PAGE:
Page 1 of 5
Hooke’s Law – Simple Harmonic Motion
PhET Simulation Lab
Lab Writeup created by Prof. M. Jain
1. To determine the average spring constant k of a spring within a certain extension range.
2. To investigate the dependence of the period T on the hanging mass m.
3. To compare the experimental period with the calculated period assuming simple harmonic
4. To show that the period T is almost independent of the amplitude for assumed simple
When an object is suspended on a spring the spring stretches. The extension of the spring
depends on the weight of the object and the “stiffness” of the spring (see Figure 1). We will
assume an ideal situation that the extension of the spring x is proportional to the weight of the
hanging object F. The spring obeys Hooke’s Law.
The negative sign here emphasizes that the force acting on the object is a restoring force.
The spring constant k expresses the stiffness of the spring.
If the mass of the spring and the air resistance is negligible and the spring obeys Hooke’s
Law, then the motion of the object is simple harmonic. The vibration period T depends on the
hanging mass m and the spring constant k.
Part I: Determination of the average spring constant
Open the link https://phet.colorado.edu/sims/html/masses-and-springs/latest/masses-and-
1) Click on Lab.
Page 2 of 5
2) You will be directed to the screen as shown to the right.
3) You can select the tools to measure the length from the
toolbox in the right.
4) Measure the original length of the spring Lo (this will be
5) Change the mass by sliding the bar and observe the new
6) Record the new length Lo in the table below.
XXXXXXXXXXF= - K ΔL Hooke’s Law
XXXXXXXXXXF = mg where, g = 9.8 m/s^2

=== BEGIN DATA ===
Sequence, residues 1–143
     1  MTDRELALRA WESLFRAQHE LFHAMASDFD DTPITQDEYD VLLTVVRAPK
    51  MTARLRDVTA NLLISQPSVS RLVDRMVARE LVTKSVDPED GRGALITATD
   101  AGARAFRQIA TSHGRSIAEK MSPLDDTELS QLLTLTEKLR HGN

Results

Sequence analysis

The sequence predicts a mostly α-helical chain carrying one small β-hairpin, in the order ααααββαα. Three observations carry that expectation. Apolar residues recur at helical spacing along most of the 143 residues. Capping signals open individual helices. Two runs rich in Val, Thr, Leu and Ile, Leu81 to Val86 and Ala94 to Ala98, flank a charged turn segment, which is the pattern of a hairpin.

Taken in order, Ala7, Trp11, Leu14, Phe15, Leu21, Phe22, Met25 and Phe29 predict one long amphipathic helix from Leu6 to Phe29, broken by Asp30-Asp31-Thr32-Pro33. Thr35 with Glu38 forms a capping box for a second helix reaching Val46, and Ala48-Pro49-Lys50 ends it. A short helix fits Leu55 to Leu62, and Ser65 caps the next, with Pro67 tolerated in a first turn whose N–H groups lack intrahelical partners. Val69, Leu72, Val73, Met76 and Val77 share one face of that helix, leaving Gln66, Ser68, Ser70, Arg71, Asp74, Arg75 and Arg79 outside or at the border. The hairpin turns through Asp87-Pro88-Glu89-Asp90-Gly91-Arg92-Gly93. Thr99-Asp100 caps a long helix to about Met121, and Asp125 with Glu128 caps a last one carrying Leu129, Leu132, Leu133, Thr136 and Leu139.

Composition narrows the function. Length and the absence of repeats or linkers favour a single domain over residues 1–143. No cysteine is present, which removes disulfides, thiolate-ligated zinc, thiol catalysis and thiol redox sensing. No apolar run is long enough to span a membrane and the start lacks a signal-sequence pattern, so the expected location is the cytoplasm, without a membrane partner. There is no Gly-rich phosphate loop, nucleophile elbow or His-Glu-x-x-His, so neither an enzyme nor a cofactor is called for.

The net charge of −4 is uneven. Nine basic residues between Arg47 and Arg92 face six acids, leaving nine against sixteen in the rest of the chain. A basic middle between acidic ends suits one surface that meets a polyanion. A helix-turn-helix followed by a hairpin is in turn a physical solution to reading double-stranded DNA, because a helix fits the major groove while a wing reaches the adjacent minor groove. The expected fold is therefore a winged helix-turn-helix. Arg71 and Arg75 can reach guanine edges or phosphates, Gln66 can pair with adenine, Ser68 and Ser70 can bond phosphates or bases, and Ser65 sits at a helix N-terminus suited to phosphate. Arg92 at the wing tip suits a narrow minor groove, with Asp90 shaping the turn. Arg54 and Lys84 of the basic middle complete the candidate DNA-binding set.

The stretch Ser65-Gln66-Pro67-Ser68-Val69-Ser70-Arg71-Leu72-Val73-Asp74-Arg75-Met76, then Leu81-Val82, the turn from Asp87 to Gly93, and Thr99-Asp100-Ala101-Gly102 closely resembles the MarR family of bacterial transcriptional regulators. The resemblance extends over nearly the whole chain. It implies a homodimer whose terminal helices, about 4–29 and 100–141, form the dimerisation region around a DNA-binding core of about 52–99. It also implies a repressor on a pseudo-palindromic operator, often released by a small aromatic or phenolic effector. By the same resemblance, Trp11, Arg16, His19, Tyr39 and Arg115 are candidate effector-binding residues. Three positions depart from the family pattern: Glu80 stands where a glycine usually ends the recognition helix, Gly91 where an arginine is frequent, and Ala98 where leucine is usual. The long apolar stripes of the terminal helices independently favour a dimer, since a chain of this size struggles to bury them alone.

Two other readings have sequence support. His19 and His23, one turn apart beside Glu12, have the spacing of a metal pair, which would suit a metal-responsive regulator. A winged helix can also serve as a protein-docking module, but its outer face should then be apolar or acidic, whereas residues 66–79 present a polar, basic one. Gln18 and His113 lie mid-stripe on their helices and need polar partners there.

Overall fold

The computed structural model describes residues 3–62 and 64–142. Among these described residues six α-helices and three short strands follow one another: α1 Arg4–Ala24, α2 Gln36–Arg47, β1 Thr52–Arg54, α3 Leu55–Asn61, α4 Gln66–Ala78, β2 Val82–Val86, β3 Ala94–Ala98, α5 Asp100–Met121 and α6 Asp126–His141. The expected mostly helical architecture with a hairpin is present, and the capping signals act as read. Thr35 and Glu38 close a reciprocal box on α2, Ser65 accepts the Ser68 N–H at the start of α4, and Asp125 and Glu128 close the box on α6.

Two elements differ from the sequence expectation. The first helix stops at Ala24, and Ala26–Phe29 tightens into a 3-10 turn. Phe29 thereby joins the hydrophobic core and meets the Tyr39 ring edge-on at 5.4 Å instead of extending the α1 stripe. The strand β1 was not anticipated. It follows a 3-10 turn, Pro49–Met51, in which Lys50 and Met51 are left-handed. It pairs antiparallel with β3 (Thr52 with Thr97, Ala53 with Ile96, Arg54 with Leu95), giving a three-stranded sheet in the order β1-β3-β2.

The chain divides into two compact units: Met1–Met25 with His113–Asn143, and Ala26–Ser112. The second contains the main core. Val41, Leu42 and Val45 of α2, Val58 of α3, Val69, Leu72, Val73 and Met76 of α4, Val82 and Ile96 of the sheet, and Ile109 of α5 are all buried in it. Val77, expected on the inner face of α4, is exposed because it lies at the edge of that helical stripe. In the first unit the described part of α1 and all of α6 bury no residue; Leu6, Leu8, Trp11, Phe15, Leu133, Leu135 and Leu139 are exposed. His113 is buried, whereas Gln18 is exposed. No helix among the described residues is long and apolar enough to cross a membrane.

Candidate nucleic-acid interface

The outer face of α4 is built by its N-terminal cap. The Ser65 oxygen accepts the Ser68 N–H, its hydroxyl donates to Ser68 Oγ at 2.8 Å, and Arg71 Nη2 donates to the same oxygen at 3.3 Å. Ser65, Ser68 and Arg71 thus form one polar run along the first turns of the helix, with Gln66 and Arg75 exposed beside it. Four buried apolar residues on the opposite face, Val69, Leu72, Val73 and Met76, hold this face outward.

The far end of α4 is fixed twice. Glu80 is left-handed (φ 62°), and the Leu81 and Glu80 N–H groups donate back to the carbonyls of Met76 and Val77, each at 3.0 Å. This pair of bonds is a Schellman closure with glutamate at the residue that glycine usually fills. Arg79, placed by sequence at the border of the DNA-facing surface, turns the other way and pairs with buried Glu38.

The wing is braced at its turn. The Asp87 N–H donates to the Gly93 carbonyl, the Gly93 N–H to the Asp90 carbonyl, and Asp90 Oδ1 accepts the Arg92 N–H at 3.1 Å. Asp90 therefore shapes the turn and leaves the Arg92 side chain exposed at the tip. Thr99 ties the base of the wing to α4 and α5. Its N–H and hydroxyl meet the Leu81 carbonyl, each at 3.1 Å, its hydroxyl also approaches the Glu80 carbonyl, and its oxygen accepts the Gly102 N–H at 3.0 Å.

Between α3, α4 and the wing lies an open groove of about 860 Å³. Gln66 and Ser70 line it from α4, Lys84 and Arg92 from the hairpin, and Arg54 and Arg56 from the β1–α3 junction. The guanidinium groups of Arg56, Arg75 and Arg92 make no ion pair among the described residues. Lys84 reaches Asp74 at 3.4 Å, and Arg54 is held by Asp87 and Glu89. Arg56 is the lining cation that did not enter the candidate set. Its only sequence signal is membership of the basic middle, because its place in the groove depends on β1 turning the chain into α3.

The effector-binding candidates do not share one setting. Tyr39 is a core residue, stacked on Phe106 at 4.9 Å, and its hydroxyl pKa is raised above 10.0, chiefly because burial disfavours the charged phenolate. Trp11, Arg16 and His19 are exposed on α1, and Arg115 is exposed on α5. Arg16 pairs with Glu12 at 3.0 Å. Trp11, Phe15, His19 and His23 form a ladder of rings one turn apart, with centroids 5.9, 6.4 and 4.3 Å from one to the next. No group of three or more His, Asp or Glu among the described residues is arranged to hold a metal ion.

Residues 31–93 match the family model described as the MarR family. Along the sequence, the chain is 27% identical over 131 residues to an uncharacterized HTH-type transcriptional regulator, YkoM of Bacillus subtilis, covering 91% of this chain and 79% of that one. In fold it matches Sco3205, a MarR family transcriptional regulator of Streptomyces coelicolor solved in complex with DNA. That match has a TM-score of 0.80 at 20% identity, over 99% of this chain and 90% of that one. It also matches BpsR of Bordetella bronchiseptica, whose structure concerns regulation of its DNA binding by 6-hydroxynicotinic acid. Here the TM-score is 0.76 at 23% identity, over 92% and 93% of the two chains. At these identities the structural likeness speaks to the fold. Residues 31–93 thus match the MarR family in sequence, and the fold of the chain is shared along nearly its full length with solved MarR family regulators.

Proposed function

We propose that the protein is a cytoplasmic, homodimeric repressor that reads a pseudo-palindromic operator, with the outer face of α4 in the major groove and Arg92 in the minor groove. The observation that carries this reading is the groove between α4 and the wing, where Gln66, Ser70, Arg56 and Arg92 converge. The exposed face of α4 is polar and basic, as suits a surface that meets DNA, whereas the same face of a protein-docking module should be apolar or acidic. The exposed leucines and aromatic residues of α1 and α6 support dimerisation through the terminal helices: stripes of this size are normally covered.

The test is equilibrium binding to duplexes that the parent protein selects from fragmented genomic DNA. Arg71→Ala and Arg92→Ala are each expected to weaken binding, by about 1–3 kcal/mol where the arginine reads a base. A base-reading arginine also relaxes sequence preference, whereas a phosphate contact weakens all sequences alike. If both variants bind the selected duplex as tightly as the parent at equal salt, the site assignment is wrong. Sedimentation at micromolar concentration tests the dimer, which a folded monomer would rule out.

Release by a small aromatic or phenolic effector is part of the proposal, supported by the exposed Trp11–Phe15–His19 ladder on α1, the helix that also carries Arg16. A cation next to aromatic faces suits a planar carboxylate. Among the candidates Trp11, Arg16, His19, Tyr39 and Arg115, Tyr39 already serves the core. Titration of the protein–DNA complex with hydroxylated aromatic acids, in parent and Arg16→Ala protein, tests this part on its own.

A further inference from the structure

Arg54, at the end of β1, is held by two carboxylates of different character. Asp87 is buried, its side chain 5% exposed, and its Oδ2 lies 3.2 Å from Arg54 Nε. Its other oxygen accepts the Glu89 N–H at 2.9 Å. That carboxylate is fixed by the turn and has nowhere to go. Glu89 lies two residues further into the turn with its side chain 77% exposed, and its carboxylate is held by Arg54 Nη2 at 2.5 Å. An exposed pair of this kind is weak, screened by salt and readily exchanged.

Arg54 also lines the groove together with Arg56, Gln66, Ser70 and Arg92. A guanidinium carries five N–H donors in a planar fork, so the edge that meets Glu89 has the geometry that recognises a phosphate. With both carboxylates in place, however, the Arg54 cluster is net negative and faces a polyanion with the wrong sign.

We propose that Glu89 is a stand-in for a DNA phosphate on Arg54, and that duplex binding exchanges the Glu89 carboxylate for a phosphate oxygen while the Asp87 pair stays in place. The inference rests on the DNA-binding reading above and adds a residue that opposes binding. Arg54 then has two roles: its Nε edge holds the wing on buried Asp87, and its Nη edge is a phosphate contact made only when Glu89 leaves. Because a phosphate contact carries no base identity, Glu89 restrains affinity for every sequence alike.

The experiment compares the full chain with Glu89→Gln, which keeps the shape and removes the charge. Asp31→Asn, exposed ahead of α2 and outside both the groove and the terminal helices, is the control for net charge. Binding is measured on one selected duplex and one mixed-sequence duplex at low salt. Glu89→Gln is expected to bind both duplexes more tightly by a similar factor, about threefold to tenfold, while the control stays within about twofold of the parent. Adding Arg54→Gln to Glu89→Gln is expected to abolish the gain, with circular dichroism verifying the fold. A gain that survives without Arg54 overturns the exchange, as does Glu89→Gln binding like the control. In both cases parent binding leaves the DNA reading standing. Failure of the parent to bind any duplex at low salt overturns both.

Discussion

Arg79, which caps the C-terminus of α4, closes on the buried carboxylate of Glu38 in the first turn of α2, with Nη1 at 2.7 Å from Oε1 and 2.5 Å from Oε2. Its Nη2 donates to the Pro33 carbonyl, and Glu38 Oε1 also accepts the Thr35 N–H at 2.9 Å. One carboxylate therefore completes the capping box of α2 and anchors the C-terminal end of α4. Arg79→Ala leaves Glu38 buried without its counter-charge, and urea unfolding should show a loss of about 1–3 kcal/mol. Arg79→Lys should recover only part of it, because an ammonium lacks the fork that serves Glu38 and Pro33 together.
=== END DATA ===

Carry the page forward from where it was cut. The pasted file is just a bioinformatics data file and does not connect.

XXXXXXXXXXΔL = L – Lo
7) Include the screenshot of any one trial
Data Table 1
8) Calculate k using Hooke’s Law
9) Find k-average
10) Plot the graph of F vs ΔL and obtain the best fit line.
11) What does the slope represent?
12) Show work for the findings from the slope below.
13) Find the mystery masses by placing them on the spring, measuring the stretch and using
the average k value that you obtained from the step (5). Label them m(blue) and m(pink)
M (kg) F (N) Lo(m) L (m) ΔL (m) K (N/m)=
Page 3 of 5
Part II: Determine the dependence of period on the hanging mass
1. We will again use the same PhET simulation for this part.
2. Select the tools by clicking on the checkboxes as shown in the picture. (Make
sure the damping is set to none and gravity is selected for the Earth).
3. With a hanging mass of 0.100 kg on the spring, pull the mass down vertically by
about 2 cm, and then release the mass. Use a timer (stopwatch) to time 10
complete oscillation and then find the period of one oscillation. (Note: you can
customize the mass by sliding the bar to the right or left)
4. Repeat above Procedure with a hanging mass of 0.140, 0.180, 0.220, 0.260, and
5. Include the screenshot of any one trial
Data Table 2
Using equation 2
(for 10 oscillations)
(???? = ??????? 10 /10)
6. Calculate the theoretical periods using equations (2) with the hanging masses used in steps
(4) and (5).
7. Compare the experimental and theoretical periods with a table like the following.
Page 4 of 5
8. Square both sides of Equation (2) we can obtain
?2 = 4?2
Graph T2 vs. m and find the slope a of the best-fit straight line.
9. What does the slope represent?
10. Find k from the slope and show your work.
11. Compare the value of the spring constant found in part II with the experimental value
determined found in part 1 and find the % difference.
Part III: Determine the dependence of the period on the vibration amplitude.
12. With one hanging mass, say, 0.300 kg, increase the amplitude to 4 cm. Find the period.
Compare with the period when the amplitude was 2 cm. Is there any notable difference?
m = 0.260 Kg T (exp)
1. If your spring were stiffer, what effect would it have on the period for a given mass?
2. From your observation of the hanging mass, at what point in its motion is its speed the
greatest? The magnitude of its acceleration? The magnitude of its displacement?
Page 5 of 5
1. Physics for Scientists and Engineers, 6th edition, Paul A. Tipler and Gene Mosca,
(W. H. Freeman, New York, NY, 2008).
2. Physics: Foundations and Applications, Robert M. Eisberg and Lawrence S. Lerner,
(McGraw-Hill, NY, NY, 1981).
3. Engineering Mechanics Statics and Dynamics, 6th Edition, Russell C. Hibbeler, (MacMillan,
NY, NY, 1992)
4. PhET Colorado Simulation
5. General Physics I Lab Manual PHY-125, Middlesex County College, edited and created by